Elizabeth Day: Who wants to come on holiday with me?

In my early 20s, a friend and I developed an inexplicable habit of communicating through acronyms. We were in our first office jobs with a work email address and would while away afternoon hours when we had not much to do by sending each other catchphrases. For our first holiday as adults, a group of us decided to fly to Goa and spend a week lazing on the beach. As the departure date approached, my friend and I would email frantically: ‘WNAH’ – We Need A Holiday.

Dan Kennedy

Little did I know that foreign holidays were destined to become cherished memories. We went to Goa without much thought about our good fortune and we returned, with deep tans and a new-found appreciation for brinjal bhaji.

Now, as we live through a pandemic that pitches us into daily uncertainty, it seems unlikely we’ll be able to go abroad for a stress-free summer holiday. And yet the one thing we could all really, really do with is a break. As a nation, WNAH like never before.

So I wanted to use this column to take us there, if only in our minds. Consider it a guided meditation through all the best bits of a holiday, and come with me to the airport. It’s an early morning flight, because we saved money by booking an antisocial time. We’ve hardly slept for fear of missing our alarm. The airport is busy with other travellers who’ve had the same idea. We queue. Our tempers are frayed, but finally we check in and ditch our bags and then head to duty free to buy make-up we don’t need and a bottle of vodka for the self-catering villa we’ve booked.

On the plane, we sleep soundly, waking only for the drinks and snacks service. We buy an overpriced breakfast focaccia to quell the rumbling of our stomachs. It is full of melted cheese and tastes delicious.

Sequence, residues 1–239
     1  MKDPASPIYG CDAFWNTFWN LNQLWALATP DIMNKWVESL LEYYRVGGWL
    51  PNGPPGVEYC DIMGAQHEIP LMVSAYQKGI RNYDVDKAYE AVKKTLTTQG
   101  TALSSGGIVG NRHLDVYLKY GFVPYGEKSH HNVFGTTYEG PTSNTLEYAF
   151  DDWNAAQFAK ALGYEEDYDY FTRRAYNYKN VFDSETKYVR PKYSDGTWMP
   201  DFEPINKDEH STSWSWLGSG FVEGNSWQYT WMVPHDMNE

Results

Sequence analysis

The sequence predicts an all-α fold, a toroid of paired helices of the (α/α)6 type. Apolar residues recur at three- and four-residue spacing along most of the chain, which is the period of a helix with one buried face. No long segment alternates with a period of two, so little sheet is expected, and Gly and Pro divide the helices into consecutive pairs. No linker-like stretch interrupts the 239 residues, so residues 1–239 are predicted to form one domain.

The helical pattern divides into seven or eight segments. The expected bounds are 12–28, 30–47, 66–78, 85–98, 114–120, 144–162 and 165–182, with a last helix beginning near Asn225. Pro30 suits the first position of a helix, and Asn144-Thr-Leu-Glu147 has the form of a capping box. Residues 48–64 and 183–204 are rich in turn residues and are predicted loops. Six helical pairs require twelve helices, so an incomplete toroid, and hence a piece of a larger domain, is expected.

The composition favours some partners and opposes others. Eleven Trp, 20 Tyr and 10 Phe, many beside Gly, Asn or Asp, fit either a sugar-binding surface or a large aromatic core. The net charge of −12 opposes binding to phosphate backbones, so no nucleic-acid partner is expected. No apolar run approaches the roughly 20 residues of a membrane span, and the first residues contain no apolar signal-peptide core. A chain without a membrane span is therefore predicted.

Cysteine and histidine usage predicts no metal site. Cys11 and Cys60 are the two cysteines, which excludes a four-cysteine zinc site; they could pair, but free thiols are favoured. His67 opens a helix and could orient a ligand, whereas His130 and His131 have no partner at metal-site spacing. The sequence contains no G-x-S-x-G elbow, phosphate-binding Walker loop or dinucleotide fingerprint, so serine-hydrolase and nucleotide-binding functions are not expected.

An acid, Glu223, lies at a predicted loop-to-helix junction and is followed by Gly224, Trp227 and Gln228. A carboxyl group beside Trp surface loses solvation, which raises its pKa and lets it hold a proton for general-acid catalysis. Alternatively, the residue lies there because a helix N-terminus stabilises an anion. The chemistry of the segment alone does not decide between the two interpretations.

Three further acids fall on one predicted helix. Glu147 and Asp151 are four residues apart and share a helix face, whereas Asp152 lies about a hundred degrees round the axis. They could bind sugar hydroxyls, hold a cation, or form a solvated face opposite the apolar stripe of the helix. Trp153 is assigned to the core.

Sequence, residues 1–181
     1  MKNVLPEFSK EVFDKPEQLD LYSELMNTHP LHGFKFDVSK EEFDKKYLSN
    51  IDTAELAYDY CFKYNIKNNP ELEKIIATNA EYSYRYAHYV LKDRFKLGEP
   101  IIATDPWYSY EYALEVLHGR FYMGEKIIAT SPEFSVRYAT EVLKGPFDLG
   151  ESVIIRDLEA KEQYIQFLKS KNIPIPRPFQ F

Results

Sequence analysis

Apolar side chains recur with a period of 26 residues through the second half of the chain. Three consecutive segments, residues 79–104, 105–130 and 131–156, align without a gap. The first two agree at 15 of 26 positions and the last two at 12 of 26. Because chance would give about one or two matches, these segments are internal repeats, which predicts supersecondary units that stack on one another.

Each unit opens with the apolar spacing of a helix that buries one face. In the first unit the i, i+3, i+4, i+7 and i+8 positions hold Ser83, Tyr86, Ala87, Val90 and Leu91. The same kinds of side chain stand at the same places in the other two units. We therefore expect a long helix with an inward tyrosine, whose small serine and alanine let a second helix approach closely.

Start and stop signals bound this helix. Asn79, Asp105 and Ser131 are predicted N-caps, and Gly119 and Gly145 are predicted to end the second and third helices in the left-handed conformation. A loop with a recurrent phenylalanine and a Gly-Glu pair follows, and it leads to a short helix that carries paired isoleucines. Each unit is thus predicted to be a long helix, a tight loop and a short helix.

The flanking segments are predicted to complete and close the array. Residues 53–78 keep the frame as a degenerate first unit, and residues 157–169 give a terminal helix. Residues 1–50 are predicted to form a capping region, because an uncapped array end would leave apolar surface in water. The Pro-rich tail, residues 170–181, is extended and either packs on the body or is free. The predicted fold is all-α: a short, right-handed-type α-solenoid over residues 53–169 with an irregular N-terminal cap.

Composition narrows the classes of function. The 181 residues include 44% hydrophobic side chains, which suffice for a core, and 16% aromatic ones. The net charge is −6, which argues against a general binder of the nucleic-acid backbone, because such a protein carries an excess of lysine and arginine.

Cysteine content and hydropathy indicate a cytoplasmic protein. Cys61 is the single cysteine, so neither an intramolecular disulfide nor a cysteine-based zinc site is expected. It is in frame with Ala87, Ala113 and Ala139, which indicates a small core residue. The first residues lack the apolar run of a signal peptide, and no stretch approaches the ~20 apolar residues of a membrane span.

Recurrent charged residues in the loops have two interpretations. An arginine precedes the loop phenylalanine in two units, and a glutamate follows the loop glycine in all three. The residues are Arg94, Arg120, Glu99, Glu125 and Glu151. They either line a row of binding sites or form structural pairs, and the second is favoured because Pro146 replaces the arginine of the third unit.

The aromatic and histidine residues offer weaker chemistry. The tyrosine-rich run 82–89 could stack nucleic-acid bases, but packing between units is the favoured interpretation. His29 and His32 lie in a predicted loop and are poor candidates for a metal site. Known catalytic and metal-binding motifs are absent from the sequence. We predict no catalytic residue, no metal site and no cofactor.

At the other side, we queue again to get our hire car. The heat is stifling and we are still wearing the jeans of an overcast British day. We turn the key of our Ford Fiesta, and there is utter liberation as we indicate into unfamiliar roads where we drive on the right. One of us opens the window. The other tunes the radio to a station that plays undemanding pop.

The villa, when we get there, is painted white and has sprigs of bougainvillea hanging over the open terrace. Inside, it is cool because of the thick stone walls. There is a ring-binder containing the details of local restaurants and a selection of paperback books with broken spines left by previous guests. The beds are covered by sheets not duvets. There are individual miniature bars of wrapped soap in the spotless, tiny bathroom.

We shed ourselves of our at-home skin, flinging our too-hot jeans aside and scampering into swimsuits. We run out to the back of the house, where there’s a pool the blue of a David Hockney painting. We jump into the cool but not cold water, which water splashes over the side, darkening the ochre patio tiles. The tiles smell of baked heat.

We spend the day on loungers, waiting for the water to dry off on our skin before applying suntan lotion scented with coconuts. We read, repositioning our books and bodies as the sun moves from east to west across the wide horizon. At about 5pm, the heat drops and we decide to go inside to shower. We re-emerge, our skin tingling, our hair tousled, wearing floaty linen and we sit at the table on the terrace with ice-cold beers and salty foreign crisps. We watch the sunset and we know we have nothing to do tomorrow other than the same thing over again.

This week I’m…


Bling Empire on Netflix: sumptuous reality TV about wealthy Asians living in LA.


My hair with It’s A 10 Miracle Leave In. Spritz on damp hair and blow-dry – nothing more to be done.


Faux leather leggings from Marks & Spencer: comfy, sleek and an absolute steal at under £20.